In addition, of the 33 people who have managed over 2400 games in their careers, only 5 have higher career winning percentages than Johnson; all of them are in the Hall of Fame.

Leyland: 8 playoff appearances, 44-40 overall record.
6 division titles, 3 pennants, 1 World Series (1997 Florida Marlins)

Johnson: 5 playoff appearances, 19-21 overall record.
6 division titles, 1 pennant, 1 World Series (1986 New York Mets)

Johnson managed the 1994 Reds, who were 18 games over .500 when the strike ended the season in August. They won the division in 1995.

While Leyland has more pennants, each has one world series title. Johnson's teams made the playoffs the same number of times as Leyland's (if you count 1994) and Leyland managed for 5 more seasons than Johnson.

Leyland: three time manager of the year (1990, 1992, 2006) three time runner up for that award (1988, 1991, 2011)

Johnson: Two time manager of the year (1997, 2012), four time runner up for that award (1984, 1986,1994,1995)

Again, even.

Odds and Ends
1. Johnson's teams were consistently good. Only during four years did he post a losing record:
  •  1990, when he was fired at 20-22.
  • 1993, when he took over the Reds from Tony Perez. Johnson was 8 games over .500 until August 9th and the Reds collapsed down the stretch.
  • the 1999 Dodgers are the only team managed by Johnson for a full season with a losing record.
  • the 2011 Nationals, whom Johnson took over after Jim Riggleman was fired.
2. Johnson is 301 games over .500 for his career. This is the 15th highest total of all time, and only 5 of the 14 managers in front of him managed fewer games. All of them (Billy Southworth, Cap Anson, Harry Wright, Al Lopez and Frank Selee) are in the hall of fame. Anson as a player, Wright as a player, manager and organizer. Three did the majority of their managing in the 1890s. Billy Southworth is the greatest "forgotten" manager in baseball history.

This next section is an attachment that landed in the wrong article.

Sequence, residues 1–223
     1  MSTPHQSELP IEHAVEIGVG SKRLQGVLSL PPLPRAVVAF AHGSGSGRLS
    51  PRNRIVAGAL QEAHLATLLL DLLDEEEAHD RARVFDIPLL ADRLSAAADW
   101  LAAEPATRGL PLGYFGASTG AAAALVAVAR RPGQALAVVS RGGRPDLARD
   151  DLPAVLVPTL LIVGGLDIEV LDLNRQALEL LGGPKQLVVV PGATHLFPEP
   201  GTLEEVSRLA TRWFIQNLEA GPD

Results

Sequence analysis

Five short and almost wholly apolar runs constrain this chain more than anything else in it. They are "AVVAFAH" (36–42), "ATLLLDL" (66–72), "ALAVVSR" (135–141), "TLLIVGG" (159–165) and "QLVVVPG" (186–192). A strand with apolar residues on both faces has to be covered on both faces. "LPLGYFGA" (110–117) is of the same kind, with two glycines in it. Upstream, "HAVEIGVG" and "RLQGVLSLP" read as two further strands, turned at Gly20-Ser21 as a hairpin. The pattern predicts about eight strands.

3. Johnson brought Dwight Gooden, Ron Darling, Wally Backman and Sid Fernandez with him in 1984, and was the ULTIMATE creative manager who would do just about anything to get people into a lineup and got great bench production. Evidence:
  • In 1986, Kevin Mitchell played 24 shortstop. Kevin Mitchell was a subpar fielder at first base, for goodness sakes.
  • On July 22, 1986 in Cincinnati, Johnson alternated Roger McDowell, his righthanded closer, and Jesse Orosco, his lefty specialist. When a righty came up, McDowell would move in to pitcher from left field and Orosco would go to right, with Mookie Wilson moving over to left. When a lefty came up, they would switch back. The Mets won the game 6-3 in 14 innings, with this unorthodox arrangement tossing five scoreless innings. Orosco also drew a walk and scored on Howard Johnson's home run in the 14th.